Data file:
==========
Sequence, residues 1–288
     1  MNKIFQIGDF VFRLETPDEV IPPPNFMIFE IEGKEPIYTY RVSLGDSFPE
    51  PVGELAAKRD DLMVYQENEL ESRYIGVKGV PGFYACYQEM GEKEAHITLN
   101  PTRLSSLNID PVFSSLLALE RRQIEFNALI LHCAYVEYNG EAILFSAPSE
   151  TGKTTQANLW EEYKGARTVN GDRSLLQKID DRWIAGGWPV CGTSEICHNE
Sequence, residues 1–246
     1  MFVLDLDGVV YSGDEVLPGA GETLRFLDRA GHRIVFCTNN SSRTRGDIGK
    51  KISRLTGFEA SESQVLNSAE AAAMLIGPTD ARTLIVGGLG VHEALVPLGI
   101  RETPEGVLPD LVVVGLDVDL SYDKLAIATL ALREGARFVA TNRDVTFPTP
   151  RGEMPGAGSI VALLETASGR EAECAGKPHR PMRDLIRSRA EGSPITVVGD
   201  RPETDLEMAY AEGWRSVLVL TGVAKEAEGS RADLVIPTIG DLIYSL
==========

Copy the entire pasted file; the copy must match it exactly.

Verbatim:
Sequence, residues 1–288
     1  MNKIFQIGDF VFRLETPDEV IPPPNFMIFE IEGKEPIYTY RVSLGDSFPE
    51  PVGELAAKRD DLMVYQENEL ESRYIGVKGV PGFYACYQEM GEKEAHITLN
   101  PTRLSSLNID PVFSSLLALE RRQIEFNALI LHCAYVEYNG EAILFSAPSE
   151  TGKTTQANLW EEYKGARTVN GDRSLLQKID DRWIAGGWPV CGTSEICHNE
Sequence, residues 1–246
     1  MFVLDLDGVV YSGDEVLPGA GETLRFLDRA GHRIVFCTNN SSRTRGDIGK
    51  KISRLTGFEA SESQVLNSAE AAAMLIGPTD ARTLIVGGLG VHEALVPLGI
   101  RETPEGVLPD LVVVGLDVDL SYDKLAIATL ALREGARFVA TNRDVTFPTP
   151  RGEMPGAGSI VALLETASGR EAECAGKPHR PMRDLIRSRA EGSPITVVGD
   201  RPETDLEMAY AEGWRSVLVL TGVAKEAEGS RADLVIPTIG DLIYSL